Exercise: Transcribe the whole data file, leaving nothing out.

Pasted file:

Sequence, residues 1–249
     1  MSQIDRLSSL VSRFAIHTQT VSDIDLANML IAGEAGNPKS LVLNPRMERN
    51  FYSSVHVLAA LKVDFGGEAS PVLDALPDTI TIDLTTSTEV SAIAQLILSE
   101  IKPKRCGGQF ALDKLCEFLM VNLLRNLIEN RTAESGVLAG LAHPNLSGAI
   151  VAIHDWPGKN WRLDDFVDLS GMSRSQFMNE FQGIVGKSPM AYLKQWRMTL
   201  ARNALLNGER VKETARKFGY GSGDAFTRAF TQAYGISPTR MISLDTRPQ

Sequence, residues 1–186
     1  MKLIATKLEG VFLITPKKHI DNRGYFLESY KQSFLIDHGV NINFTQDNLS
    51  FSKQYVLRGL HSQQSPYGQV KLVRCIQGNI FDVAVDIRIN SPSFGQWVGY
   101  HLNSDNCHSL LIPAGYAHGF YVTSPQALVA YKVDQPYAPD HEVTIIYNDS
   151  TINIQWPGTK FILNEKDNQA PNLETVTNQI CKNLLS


Sequence, residues 1–249
     1  MSQIDRLSSL VSRFAIHTQT VSDIDLANML IAGEAGNPKS LVLNPRMERN
    51  FYSSVHVLAA LKVDFGGEAS PVLDALPDTI TIDLTTSTEV SAIAQLILSE
   101  IKPKRCGGQF ALDKLCEFLM VNLLRNLIEN RTAESGVLAG LAHPNLSGAI
   151  VAIHDWPGKN WRLDDFVDLS GMSRSQFMNE FQGIVGKSPM AYLKQWRMTL
   201  ARNALLNGER VKETARKFGY GSGDAFTRAF TQAYGISPTR MISLDTRPQ

Sequence, residues 1–186
     1  MKLIATKLEG VFLITPKKHI DNRGYFLESY KQSFLIDHGV NINFTQDNLS
    51  FSKQYVLRGL HSQQSPYGQV KLVRCIQGNI FDVAVDIRIN SPSFGQWVGY
   101  HLNSDNCHSL LIPAGYAHGF YVTSPQALVA YKVDQPYAPD HEVTIIYNDS
   151  TINIQWPGTK FILNEKDNQA PNLETVTNQI CKNLLS